More from Poly Pride Weekend: My Speech
Well... as Thoreau said,
"If one advances confidently in the direction of his dreams, and endeavors to live the life which he has imagined, he will meet with a success unexpected in common hours."
So years later, there I was last Saturday onstage at a microphone at the Poly Pride Rally in New York's Central Park, trying to deliver my words as roundly as Obama does and making sure I could hear them echoing back from the distance. Below is what I said. Regular readers will recognize a lot of this, but if you haven't seen it yet....
For the last three years [I boomed into the mike], I’ve been running a site called Polyamory in the News. I’ve put up posts about more than 240 articles and broadcasts, and more of them keep coming in all the time. It's clear that during just these three years, worldwide interest in ethical polyamory, and the ideas and values behind it, has been growing rapidly.
Also growing are misconceptions about it, and misuses of the term that I think threaten to spiral out of control.
So at this historic moment, I want to deliver a caution, and some advice about our future.
People who push for years to get a bandwagon rolling are usually unprepared for what to do when the bandwagon finally starts to move. No longer is it all about a few devoted people grunting and straining from behind to make the bandwagon’s wheels move half an inch. When the effort begins to succeed, the bandwagon starts rolling on its own, faster and faster.
And unless the people with the original vision stop just shoving the rear bumper and run up and grab the steering wheel, pretty soon the bandwagon outruns them and leaves them behind. And their elation turns to horror as they watch it careen downhill out of control, in disastrous unintended directions. And then it wrecks itself spectacularly in a ditch. Survivors loot the wreckage and disappear, and onlookers nod their heads knowingly and say they saw it coming all along.
Think of what happened to the psychedelic drug movement a generation ago. It started with tremendous promise among a handful of philosophers and intellectuals in the early 1960s, gained popularity and momentum, careened out of control downmarket, and morphed into a cheapened, degraded "drugs are good" cultural meme for the masses. By the early 1970s the drug-culture bandwagon was so ugly and indiscriminate that people like Jimi Hendrix and Janis Joplin died from, of all the stupid things, tranquilizers and heroin.
So maybe it’s now time for us to pay less attention to just pushing the polyamory-awareness movement, and more to steering it.
If we are to save our defining word from serious cheapening in the next few years, and guide this thing in good directions as it gains momentum, we should, in my opinion, be taking every opportunity to do several things:
1. Keep stressing that successful polyamory requires high standards of communication, ethics, integrity, generosity, and concern for every person affected;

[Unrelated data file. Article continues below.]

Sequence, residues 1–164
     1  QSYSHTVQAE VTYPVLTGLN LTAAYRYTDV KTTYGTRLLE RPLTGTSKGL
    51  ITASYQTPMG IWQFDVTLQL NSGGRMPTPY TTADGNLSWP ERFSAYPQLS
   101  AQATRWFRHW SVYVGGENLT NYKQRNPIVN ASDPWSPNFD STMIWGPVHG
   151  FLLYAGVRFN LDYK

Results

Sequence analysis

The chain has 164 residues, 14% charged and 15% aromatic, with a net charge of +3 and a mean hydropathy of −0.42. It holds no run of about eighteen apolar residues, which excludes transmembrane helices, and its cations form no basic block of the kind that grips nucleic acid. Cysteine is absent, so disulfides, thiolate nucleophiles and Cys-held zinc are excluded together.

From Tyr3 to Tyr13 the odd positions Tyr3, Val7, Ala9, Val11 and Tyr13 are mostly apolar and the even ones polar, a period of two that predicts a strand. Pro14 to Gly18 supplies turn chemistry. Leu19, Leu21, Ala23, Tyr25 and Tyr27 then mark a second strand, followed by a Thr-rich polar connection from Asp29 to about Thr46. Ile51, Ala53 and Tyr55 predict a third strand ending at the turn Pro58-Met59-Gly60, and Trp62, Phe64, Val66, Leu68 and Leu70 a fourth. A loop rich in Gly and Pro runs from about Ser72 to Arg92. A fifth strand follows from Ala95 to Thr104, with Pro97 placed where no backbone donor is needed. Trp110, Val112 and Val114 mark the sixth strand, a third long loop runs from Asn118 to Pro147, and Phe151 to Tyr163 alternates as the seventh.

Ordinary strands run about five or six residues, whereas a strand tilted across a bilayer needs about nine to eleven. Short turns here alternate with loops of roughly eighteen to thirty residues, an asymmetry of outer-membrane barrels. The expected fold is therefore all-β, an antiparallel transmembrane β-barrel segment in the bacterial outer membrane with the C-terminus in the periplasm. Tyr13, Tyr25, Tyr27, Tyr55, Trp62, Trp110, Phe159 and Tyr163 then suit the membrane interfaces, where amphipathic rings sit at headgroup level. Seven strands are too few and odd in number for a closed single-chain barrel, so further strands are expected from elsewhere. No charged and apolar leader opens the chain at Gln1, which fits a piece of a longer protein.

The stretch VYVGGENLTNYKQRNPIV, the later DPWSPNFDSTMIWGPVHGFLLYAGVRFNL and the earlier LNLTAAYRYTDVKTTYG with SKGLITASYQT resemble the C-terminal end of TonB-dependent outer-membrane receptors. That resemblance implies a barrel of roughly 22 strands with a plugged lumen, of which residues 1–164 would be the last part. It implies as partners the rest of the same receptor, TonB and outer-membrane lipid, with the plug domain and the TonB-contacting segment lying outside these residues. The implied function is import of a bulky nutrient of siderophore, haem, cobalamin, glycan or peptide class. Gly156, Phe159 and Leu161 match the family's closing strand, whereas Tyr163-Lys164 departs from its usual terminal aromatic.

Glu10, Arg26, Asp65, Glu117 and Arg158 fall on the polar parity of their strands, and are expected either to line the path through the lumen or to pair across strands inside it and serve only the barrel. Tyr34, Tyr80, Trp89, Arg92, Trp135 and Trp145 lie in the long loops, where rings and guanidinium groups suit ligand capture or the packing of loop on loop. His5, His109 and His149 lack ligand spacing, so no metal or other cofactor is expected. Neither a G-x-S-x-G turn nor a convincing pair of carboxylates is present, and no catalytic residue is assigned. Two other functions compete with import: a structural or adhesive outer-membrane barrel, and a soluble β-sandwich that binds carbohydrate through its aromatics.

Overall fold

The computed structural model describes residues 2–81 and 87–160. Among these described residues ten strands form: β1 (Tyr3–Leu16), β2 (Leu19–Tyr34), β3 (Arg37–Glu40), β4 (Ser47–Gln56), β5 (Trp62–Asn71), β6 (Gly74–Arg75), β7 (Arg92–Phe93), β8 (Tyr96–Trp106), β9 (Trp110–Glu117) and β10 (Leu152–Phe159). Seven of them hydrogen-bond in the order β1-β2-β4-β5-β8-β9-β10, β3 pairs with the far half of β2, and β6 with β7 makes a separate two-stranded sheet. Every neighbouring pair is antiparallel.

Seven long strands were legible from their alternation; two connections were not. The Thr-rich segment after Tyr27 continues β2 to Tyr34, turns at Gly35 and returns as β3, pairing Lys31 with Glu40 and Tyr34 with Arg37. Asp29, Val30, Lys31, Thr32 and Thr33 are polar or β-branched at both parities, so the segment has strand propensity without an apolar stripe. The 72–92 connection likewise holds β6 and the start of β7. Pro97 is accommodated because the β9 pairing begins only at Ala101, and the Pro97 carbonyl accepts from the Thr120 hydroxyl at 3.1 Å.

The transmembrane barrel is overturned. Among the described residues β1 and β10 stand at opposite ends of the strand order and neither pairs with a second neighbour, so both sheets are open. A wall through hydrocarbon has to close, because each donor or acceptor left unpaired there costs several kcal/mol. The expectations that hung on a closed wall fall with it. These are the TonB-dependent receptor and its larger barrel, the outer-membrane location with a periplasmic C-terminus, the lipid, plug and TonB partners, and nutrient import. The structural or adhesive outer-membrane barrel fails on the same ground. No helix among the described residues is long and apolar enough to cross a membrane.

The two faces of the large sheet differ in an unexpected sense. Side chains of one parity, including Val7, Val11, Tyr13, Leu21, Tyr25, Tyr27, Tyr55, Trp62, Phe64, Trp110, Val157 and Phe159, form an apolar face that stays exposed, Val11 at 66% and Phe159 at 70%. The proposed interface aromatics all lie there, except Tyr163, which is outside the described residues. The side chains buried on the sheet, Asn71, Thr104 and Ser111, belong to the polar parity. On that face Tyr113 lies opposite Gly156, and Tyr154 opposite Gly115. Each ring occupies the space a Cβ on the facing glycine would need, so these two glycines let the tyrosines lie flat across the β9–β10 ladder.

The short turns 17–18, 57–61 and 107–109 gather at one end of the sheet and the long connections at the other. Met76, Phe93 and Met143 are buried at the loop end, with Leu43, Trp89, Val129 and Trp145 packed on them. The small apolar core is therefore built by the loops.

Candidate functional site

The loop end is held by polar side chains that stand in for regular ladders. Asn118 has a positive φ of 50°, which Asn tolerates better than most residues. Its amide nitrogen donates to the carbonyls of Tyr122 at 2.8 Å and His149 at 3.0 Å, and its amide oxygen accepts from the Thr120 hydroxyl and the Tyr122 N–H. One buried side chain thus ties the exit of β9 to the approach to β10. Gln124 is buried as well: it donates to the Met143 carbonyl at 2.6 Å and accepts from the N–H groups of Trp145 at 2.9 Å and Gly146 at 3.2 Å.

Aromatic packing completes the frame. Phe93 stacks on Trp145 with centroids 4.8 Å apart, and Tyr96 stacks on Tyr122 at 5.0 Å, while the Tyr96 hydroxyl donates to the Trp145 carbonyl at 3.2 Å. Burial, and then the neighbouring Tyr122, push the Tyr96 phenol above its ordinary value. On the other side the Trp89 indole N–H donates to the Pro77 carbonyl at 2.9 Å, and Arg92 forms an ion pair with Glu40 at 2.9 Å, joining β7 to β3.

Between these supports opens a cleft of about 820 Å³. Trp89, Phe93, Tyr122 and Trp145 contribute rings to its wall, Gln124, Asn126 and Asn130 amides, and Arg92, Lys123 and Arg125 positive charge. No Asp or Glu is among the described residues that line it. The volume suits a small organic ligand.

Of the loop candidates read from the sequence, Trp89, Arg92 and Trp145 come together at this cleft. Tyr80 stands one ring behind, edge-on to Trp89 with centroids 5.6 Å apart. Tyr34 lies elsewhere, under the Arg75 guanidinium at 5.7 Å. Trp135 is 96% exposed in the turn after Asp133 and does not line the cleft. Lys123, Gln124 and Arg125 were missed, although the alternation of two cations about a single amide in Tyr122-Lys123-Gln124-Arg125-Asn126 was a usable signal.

2. Emphasize that poly is not for everyone, and that monogamy is right and best for many;
3. Insist on the part of the definition that stresses respect for everyone and the "full knowledge and consent of all involved";
4. Expand that to not just "knowledge and consent," but well-wishing and good intention for all involved. The defining aspect of polyamory, I'm convinced — the thing that sets it apart and makes it powerful and radical and transformative — is in seeing one's metamours not as rivals to be resented, or even as neutral figures to be tolerated, but as, at minimum, friends and acquaintances — perhaps family even — for whom you genuinely wish good things. (And beyond that, of course, there's no limit to how close you can become.) This is what differentiates poly from merely having affairs. In this way it becomes a generalization of the magic of romantic love — into something much wider, and more widely applicable, than the dominant paradigm of a couple carefully walling away their particular love from anything to do with the rest of humanity.
And, 5. Warn people that, while poly can open extraordinary new worlds of joy and wonder and may help to humanize the world, its benefits must be earned: through courage, hard relationship-honesty work, ruthless self-examination, tough personal growth, and a quick readiness to (as they say in the Marines) "choose the difficult right over the easy wrong."
Please — with the bandwagon now moving, let's not let it run away from us in the next few years to the point that "polyamory" goes mass-market as something careless or trivial, or in any way less than what we know it to be.
Here's another Poly Pride speech: Anita Wagner's "The Mainstreaming of Polyamory".
And another: Leanna Wolfe's "On Kittens and the Very Invented Culture of Polyamory".
And Tristan Taormino's ringing Poly Pride Keynote Address.